Meetings at Jodhpur, Varanasi, Darbhanga and Jaipur
To involve Vedic scholars from different parts of the country in promoting discussion and debate on Veda vijnana, the Shikshayatan has been organising regular programmes at various places, including Jodhpur, Jaipur and Varanasi, the three renowned centres of Vedic learning.
An important part of this outreach programme has been the Pandit Motilal Shastri Memorial lecture series organised at Jodhpur, Rajasthan, in association with Jai Narain Vyas University. The university has a special research unit on Pandit Madhusudan Ojha.
September 21, 2017
Sharirikavimarsha and its contemporary relevance
The Vedic vijnana was as relevant today as in the past, said Prof. Ganeshilal Suthar, well- known Vedic scholar and former director of Pandit Madhusudan Ojha Shodh Prakosht, Sanskrit Department, Jai Narain Vyas University, Jodhpur, at the fifth lecture in the series. He highlighted the importance of Ojhaji's works on different aspects of Vedic vijnana. He specifically mentioned the book authored by Ojhaji, Sharirika-vimarsha. Prof Satyaprakash Dubey, Acharya, Sanskrit department, Jai Narain Vyas University, referred to the works of Ojhaji to drive home the point that it was not enough to learn the correct way of offering Vedic mantras; it was equally important to study their meanings. He dwelt on the meaning of dharma and stressed on the importance of the Vedas in contemporary times.
September 25, 2015
Psychology in Vedic literature
In the fourth lecture, Prof Ramanuj Devanathana, renowned Sanskrit scholar and former Vice Chancellor of Jagadguru Ramanandacharya Rajasthan Sanskrit University, Jaipur, talked about mana or intellect. He said all philosophers have accepted the presence of mana. He said Ojhaji had presented many facets of mana in his books. Ojhaji and Shastriji had described mana as shvovasiyas, the one that is forever changing.
September 12, 2012
Nabhikiya urja in the Vedas
The third lecture in the series was addressed by Mr Gulab Kothari, editor-in-chief of Rajasthan Patrika. Speaking on the energy generated from the navel, Mr Kothari pointed out that Ojhaji had described 'nabhya prajapati' or the supreme being (Brahma) that resides in the navel, in his books. He cited the example of a bicycle to clarify this phenomenon: Spokes in a cycle wheel merge into a centre point from different directions. In Vedic vijnana, the one at the centre is the indraprana or nabhya.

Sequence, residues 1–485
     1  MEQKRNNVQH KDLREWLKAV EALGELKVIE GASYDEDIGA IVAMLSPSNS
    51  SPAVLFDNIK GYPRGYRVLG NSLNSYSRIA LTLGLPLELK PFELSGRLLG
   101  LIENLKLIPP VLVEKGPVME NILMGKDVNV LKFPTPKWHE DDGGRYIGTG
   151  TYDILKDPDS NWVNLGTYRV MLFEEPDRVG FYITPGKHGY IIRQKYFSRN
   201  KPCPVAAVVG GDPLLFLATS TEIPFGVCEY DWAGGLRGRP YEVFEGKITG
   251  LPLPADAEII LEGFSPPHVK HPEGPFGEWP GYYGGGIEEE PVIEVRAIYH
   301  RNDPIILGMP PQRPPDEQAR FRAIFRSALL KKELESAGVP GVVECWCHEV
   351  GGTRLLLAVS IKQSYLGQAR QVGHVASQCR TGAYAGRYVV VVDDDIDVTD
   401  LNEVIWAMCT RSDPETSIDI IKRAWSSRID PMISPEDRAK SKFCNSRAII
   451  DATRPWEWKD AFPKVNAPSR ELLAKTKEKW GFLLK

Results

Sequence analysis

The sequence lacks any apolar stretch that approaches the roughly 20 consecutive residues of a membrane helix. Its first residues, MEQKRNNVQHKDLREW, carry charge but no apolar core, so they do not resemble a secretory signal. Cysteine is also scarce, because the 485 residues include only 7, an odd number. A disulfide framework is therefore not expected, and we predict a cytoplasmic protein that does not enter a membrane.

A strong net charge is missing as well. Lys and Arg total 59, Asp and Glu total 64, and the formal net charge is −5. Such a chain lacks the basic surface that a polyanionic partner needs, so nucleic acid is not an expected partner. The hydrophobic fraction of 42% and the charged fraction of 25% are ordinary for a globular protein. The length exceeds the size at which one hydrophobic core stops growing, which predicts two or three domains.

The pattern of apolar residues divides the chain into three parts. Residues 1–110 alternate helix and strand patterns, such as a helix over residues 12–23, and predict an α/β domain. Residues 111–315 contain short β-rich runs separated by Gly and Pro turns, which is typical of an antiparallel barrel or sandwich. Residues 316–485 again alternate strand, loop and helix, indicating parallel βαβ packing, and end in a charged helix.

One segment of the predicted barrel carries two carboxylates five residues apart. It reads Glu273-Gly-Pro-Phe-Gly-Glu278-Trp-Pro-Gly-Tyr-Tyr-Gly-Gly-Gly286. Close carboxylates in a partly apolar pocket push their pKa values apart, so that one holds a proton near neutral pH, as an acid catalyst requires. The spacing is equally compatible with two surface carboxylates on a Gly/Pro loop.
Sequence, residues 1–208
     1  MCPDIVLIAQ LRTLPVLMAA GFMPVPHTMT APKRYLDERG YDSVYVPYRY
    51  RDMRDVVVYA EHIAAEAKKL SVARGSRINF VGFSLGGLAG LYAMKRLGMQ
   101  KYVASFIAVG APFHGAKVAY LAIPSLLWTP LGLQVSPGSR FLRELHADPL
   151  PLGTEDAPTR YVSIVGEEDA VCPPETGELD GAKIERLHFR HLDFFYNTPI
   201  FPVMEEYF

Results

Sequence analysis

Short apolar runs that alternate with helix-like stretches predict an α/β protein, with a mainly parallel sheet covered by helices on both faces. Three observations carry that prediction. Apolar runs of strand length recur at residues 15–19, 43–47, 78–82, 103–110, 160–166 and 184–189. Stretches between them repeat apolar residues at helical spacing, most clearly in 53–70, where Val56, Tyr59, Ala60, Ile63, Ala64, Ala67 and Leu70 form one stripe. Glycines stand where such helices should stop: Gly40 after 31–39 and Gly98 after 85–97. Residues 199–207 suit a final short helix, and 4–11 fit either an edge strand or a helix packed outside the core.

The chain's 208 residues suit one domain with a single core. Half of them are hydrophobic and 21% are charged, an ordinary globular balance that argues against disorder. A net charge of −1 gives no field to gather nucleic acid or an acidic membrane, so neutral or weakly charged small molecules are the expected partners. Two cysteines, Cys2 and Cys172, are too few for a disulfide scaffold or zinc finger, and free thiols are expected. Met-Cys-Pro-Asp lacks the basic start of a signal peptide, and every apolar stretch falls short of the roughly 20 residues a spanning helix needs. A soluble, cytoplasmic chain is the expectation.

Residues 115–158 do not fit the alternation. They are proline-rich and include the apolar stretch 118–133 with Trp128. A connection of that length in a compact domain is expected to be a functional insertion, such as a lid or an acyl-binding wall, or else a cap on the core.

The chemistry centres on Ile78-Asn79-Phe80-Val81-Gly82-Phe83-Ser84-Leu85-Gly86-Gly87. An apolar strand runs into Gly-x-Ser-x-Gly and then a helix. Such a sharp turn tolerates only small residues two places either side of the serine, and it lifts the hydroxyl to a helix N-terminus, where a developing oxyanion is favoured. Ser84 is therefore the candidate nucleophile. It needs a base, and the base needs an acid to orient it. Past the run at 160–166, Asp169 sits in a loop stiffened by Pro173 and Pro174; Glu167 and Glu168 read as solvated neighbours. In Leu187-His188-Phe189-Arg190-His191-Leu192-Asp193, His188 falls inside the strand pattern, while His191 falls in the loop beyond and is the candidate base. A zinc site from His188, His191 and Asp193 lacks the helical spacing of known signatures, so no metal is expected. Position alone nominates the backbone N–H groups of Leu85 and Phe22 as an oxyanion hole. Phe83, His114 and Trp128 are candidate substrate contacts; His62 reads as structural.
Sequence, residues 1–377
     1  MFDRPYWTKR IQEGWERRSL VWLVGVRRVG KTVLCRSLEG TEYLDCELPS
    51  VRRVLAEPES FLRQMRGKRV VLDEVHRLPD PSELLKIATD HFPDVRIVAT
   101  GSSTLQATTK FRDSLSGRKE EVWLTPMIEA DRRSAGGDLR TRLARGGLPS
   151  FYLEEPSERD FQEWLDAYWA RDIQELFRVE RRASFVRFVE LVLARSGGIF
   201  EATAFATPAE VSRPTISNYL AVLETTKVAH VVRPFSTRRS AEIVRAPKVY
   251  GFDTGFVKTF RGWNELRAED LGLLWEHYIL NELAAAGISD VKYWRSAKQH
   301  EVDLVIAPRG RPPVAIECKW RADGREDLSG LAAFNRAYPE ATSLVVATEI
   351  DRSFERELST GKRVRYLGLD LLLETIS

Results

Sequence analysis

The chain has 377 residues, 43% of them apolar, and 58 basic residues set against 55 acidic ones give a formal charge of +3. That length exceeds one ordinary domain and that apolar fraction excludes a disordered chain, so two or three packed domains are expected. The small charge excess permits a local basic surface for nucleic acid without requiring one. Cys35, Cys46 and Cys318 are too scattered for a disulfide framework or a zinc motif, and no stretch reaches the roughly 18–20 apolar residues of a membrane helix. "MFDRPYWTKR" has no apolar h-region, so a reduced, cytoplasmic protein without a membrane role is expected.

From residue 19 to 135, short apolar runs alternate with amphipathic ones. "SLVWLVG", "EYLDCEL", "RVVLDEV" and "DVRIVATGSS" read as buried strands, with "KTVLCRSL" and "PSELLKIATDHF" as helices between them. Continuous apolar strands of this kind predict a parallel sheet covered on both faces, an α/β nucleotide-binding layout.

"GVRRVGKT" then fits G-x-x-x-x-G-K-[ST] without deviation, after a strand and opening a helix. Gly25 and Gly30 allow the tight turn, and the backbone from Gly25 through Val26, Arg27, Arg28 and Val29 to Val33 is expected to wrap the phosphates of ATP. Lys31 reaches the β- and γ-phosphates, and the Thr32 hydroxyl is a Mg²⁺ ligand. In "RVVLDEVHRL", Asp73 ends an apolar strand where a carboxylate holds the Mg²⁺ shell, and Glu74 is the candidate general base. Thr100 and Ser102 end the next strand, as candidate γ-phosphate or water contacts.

March 10, 2011
Shastriji's Veda-vyakhya padhati
In the second lecture, Prof. Dayanand Bhargava explained the concept of akshara and kshara. He pointed out that both Ojhaji and Shastriji had used simple terms to explain complex phenomena. He cited the following terms as illustrations—amrit-mrityu, sat- asat, abhu-abhva, rit-satya, kshara-akshara, rasa-bala, jnana-vijnana, agni-soma, brighu-angira and brahm-karma. Shastriji used a wide variety of references in his works but relied more on the Brahamana texts and puranas.
March 10, 2010
Shastriji's Veda-vyakhya padhati
At the first lecture, Prof. Dayanand Bhargava of Jai Narain Vyas University said Shastriji oration was so powerful that not a single person in the audience was left untouched. He cited Shastriji's description of universe as agnishomatmak. The fire in a living being consumes anna or food; the one who consumes anna is annada and the merging of anna and annada is yajna. Annada is fire or agni and anna is soma and hence the universe is created by the union of agni and soma. Pandit Anant Sharma said Shastriji's rendition of Shatpath Brahmana was an extraordinary work where he had explained complex Vedic terms without whose knowledge and understanding it was impossible to know the mysteries of the Vedas.
The ancient city of Varanasi became the Shikshayatan's second stop for a regular event after the 2012 meeting on Sanshayataducchedavada.
November 27-28, 2013
Scientific basis of Vedic culture